In these turbulent political times, many have reconsidered the place of high profile awards ceremonies in American culture and society. Few critics, however, seem to note that the Academy Awards has historically operated on a troubling dual message.
Host Jimmy Kimmel’s opening monologue highlighted this paradox. In it, Kimmel conceded the inability he and the Oscars itself have to heal America, saying, “I’m not the man to unite this country.” However, just moments, later, he would prescribe a plan of action to achieve unity. Sincerely saying “if every person watching this show… took a minute to reach out to one person you disagree with and have a positive, considerate conversation… we can make America great again. We really could.” While the latter message was laudable, it appears disingenuous to absolve oneself of accountability for promoting unity and then to go ahead and do it anyway. This conflicting dual message reflects the Oscars’ own modus operandi. Historically, the Academy Awards has attempted to absolve itself of charges of racism by insisting that it lacks the power to disrupt the industry status quo, and then showing us (with Halle Berry in 2001, for example) that it did have the capacity, it simply lacked the willingness.
In 2017, with a record number of diverse nominees, the Academy Awards appeared able and willing to own up to its power to initiate historic change from the pinnacle of Hollywood. The night featured speeches and wins that may have raised more questions than answers about issues such as intersectionality in Hollywood, racial appropriation and decentralization, and the potential of Black producers to produce subversive material in a “White” system, among others.
Moonlight was not immune to a White hegemonic reduction at the Oscars. Prior to the mix-up that resulted in a tainted, yet nonetheless historic Best Picture win, Jimmy Kimmel name-dropped the movie in a “joke” that participated in a historical tradition of reducing LGBT people to their sexual activities. Moonlight, as Oscar voters agreed, is an important and seminal story about a black queer man who explores his sexuality, which does include an encounter with a friend on a beach. The scene in the movie is revelatory and shot as much as an emotional discovery as it is a sexual experience. Jimmy Kimmel’s comment, “The only happy ending was the one in the middle of Moonlight,” diminished the importance of that moment to the movie, to the characters’ underrepresented demographic, and frankly, to Oscar voters. The joke received sparse applause.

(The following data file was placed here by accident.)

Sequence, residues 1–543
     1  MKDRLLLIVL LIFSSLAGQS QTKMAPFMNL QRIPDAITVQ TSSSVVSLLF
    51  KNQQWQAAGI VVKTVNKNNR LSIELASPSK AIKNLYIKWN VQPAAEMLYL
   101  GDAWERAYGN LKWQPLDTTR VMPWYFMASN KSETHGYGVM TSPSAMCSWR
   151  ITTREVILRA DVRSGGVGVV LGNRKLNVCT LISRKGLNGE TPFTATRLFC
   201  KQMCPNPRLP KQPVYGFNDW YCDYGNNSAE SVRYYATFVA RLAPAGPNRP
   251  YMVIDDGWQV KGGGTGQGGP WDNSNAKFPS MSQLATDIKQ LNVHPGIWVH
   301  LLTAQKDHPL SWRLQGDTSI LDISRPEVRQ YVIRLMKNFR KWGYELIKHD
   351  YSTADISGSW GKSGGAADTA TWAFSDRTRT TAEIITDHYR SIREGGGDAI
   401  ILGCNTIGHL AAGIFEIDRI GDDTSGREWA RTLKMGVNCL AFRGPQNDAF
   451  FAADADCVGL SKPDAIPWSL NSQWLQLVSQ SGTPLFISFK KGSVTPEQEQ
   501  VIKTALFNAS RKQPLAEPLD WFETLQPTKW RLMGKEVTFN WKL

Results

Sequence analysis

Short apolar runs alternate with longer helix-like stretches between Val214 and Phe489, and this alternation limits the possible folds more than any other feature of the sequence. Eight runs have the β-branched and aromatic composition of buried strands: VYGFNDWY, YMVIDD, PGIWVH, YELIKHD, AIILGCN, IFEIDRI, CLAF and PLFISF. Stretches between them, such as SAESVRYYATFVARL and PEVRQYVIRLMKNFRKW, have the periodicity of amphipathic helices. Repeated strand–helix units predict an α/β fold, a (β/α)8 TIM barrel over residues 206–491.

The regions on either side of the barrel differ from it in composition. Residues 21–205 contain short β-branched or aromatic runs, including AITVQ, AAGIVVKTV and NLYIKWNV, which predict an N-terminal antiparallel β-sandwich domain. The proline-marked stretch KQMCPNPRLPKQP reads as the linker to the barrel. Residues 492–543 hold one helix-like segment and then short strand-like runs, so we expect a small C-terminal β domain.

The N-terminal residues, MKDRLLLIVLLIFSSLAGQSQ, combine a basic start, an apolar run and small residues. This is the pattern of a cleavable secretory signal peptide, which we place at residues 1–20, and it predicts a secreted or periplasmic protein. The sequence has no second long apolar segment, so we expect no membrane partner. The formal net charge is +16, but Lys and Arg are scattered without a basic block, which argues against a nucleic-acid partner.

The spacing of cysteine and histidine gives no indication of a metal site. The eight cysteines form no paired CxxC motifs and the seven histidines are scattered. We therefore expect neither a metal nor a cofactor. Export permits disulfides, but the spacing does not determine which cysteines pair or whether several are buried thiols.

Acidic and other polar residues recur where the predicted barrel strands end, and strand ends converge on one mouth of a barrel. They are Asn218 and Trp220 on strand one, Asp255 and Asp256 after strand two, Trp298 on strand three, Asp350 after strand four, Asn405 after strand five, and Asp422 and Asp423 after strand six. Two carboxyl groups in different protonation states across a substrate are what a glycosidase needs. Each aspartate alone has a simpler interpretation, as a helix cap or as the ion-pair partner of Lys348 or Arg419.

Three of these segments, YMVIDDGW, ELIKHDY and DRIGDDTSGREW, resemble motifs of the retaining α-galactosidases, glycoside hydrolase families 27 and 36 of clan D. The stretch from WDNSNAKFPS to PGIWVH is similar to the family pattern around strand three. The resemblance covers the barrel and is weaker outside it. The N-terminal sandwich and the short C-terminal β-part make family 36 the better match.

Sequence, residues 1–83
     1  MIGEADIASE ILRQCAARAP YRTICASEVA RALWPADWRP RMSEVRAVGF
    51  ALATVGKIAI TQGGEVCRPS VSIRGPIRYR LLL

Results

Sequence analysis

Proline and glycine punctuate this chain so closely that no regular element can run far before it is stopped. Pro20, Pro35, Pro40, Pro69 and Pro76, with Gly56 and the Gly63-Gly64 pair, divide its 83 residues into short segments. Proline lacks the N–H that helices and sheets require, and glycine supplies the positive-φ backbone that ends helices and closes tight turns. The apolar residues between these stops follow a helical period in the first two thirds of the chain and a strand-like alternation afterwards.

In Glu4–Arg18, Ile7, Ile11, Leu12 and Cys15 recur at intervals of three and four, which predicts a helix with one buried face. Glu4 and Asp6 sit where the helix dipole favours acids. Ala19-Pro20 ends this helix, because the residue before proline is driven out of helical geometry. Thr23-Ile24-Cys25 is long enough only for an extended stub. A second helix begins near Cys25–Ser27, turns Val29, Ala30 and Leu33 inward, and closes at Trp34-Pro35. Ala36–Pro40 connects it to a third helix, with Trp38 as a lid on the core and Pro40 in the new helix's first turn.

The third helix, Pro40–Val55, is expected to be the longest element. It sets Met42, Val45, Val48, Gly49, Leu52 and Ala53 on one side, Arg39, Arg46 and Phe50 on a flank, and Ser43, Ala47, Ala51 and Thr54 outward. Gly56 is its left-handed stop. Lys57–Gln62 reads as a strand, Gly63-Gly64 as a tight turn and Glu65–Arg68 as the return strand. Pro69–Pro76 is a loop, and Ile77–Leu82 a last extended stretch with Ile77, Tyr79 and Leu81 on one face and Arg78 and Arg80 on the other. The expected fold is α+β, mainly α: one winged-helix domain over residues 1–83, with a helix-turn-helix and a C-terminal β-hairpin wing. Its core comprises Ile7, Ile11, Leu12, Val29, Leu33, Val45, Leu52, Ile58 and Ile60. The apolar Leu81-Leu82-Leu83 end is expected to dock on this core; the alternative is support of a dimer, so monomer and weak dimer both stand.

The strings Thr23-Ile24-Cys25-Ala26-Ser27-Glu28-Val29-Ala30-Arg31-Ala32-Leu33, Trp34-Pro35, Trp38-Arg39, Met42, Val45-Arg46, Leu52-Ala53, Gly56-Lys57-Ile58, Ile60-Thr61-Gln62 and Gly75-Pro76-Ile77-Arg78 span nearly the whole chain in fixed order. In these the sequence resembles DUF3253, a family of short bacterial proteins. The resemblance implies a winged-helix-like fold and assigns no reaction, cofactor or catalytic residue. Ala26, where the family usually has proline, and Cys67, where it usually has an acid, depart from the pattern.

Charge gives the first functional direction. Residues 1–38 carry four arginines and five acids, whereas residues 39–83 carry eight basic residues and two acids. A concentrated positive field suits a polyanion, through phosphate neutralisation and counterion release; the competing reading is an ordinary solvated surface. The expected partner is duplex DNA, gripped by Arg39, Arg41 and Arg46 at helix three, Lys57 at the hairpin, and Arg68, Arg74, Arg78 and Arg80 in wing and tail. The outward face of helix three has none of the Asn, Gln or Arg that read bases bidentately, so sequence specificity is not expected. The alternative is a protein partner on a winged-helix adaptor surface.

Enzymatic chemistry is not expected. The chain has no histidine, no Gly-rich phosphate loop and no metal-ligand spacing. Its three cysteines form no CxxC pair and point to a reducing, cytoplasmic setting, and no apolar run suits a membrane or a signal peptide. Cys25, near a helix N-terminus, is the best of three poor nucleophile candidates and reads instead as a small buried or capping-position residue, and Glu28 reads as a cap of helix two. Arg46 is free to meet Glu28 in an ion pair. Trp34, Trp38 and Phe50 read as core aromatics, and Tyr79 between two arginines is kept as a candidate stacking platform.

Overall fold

The more egregious offense against Moonlight, however, was the Best Picture mix-up, which did a disservice to both La La Land and Moonlight. It served to obviously disappoint the La La Land crew, in addition to obfuscating what should have been an exuberantly historic moment of triumph for Moonlight. Moonlight’s win was a win for independent film. It was a win for the power of compelling stories; it was a win for demographics ignored by Hollywood, and it was a win for the capacity of good filmmaking to break down social barriers and help us to relate to one another, even if the one tasked with doing the relating is a member of the majority, sitting in front of a screen that members of a minority are on.
The experience of relating to on screen leading characters of color was one that La La Land audiences did not have the opportunity to encounter, despite many critics calling the movie’s jazz narrative (in which an assuredly White Ryan Gosling attempts to save jazz) one that should have foregrounded African Americans as both the inventors and protectors of the genre. Jimmy Kimmel made a joke about the premises of La La Land and Hidden Figures saying, “It has been an amazing year for movies. Black people saved NASA and White people saved jazz. That’s what you call progress.” John Legend, an executive producer and actor in La La Land, performed a medley of the film’s nominated songs, which seemed to serve as a conscious racial reclamation of the jazz narrative, if only for a few minutes on the Oscar stage.